I would have thought that by now it would be clear to pretty well everyone that racism and bigotry are not positive character traits, certainly not something you’d want to put out on public display. And it seems I would have been wrong about that. A ridiculous number of people – not yet a majority, mind you, but many too many nonetheless – seem more than willing to attend public meetings and demonstrations decrying the threat to their ‘culture’ posed by refugees, immigrants, or just people who look or pray differently than they do. They fill the comment sections of online news services with anger and hate, not to mention Twitter, Facebook, the blogosphere and talk radio phone-in shows.
I used to feel pride, when I saw this happening in the U.S., Britain and Europe, that my own country, Canada, seemed largely to be immune. Sure, we had our share of racist idiots, but they mostly didn’t make such a public display of their backwards attitudes. People blamed the housing bubbles in Vancouver and Toronto on Chinese investors, for example, when in fact it likely has as much to do with money laundering closer to home. Still, I thought, Canadians are, if nothing else, polite. We hesitate to put our hate on public display, understanding that, leaving aside everything else that’s wrong with it, it’s rude. Well, no more. This past week in Toronto, one of the most ethnically diverse cities on the planet, two events showed that even we have little to be proud of in this regard.
First there was the anti-Islamic ‘meeting’ held by the loathsome alt-reich Rebel Media and attended by several hundred prime examples of the failure of public education. Included among the attendees and speakers at this event were four contenders to lead the once-proud Conservative Party of Canada. That the party has not officially condemned the event, and the participation in it of four candidates for its leadership – two of whom are former cabinet ministers – says much about the party’s moral and intellectual decline.
The second event, coming hard on the heels of the first, had a group of white Torontonians picketing a downtown mosque, holding signs demanding an end to Islam and shouting through megaphones that Islam is hate.
When you argue against such people, they try to hide behind noble ideals like freedom of speech, freedom of assembly and freedom of religion. The irony that they would like to deny these freedoms to others is lost on them. An Ontario MP recently introduced a motion in parliament asking its members to condemn all forms of racial and religious discrimination, including Islamaphobia – and that word has set off a fire storm of ugliness, of which the two Toronto events are merely examples. Ironically, these people who feel their heritage threatened by the word ‘islamaphobia’ are the same ones who find it objectionable when others don’t preface ‘terrorist’ with ‘Islamic’ or ‘jihadist’ – why can’t you say that? they insist. Why indeed.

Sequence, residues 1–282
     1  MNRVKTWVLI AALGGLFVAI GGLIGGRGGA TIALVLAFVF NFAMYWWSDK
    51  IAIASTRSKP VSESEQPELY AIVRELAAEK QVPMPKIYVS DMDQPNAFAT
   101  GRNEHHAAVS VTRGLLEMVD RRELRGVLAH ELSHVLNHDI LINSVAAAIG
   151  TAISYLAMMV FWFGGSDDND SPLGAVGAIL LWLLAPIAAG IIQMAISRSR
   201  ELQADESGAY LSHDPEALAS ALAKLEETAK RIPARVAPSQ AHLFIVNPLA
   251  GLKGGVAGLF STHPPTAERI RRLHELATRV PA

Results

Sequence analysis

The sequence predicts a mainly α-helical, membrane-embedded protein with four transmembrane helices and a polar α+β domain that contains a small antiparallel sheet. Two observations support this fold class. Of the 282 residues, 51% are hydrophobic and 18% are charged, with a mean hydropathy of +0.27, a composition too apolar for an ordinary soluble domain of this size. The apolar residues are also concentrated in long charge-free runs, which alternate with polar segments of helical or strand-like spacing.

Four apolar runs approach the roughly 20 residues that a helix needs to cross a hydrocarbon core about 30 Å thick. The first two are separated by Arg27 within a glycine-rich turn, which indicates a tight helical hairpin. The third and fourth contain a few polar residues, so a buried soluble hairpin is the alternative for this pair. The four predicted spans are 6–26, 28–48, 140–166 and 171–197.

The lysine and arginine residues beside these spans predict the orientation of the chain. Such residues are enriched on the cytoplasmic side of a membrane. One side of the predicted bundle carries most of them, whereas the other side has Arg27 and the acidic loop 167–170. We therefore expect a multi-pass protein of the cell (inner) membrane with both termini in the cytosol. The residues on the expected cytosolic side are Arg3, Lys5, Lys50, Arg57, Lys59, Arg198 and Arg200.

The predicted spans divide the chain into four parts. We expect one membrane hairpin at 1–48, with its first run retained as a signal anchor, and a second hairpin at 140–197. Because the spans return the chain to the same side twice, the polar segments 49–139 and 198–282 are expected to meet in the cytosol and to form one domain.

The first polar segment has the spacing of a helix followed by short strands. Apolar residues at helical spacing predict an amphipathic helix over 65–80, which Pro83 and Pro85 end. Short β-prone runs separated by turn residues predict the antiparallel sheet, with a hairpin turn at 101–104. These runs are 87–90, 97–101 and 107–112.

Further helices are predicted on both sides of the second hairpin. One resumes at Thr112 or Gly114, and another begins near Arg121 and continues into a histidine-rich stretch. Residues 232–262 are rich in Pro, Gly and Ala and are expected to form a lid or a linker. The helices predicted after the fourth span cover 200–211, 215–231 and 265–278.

No doubt the people who attended these events – and those who parade their small mindedness in other forums – have been inspired by the mainstreaming of the alt-reich movement in America and Europe. That the movement represents ideals so loathsome we fought a major war over them in the mid-20th century seems a not to matter to these people. They feel their dermic pallor to be threatened, and so want everyone who does not share their affliction to leave.
I will never understand what makes such people feel so threatened. That one person believes in a different version of ‘god’ than you; that they dress differently; that their skin is a different hue – how does this affect you? Does it invalidate your belief in your version of a god that someone else doesn’t share it? Do you feel self-conscious in your ball cap just because someone else wears a hijab? And what the serious fuck is up with caring what colour anyone’s skin is? If white is so damned good, why do so many people go to tanning salons (including that walking Cheeto the Americans elected president)?
Maybe I’m naive. Maybe my conservative father brought me up wrong, when he taught it was wrong to judge people on the basis of their skin colour, or being an immigrant, or believing something different from me; that the important thing was their character. (My father, who ran for office with Diefenbaker, was a great admirer of Martin Luther King, as you may have guessed.) Maybe I am wrong about Canada, and about the importance of diversity. Maybe. But I don’t think so.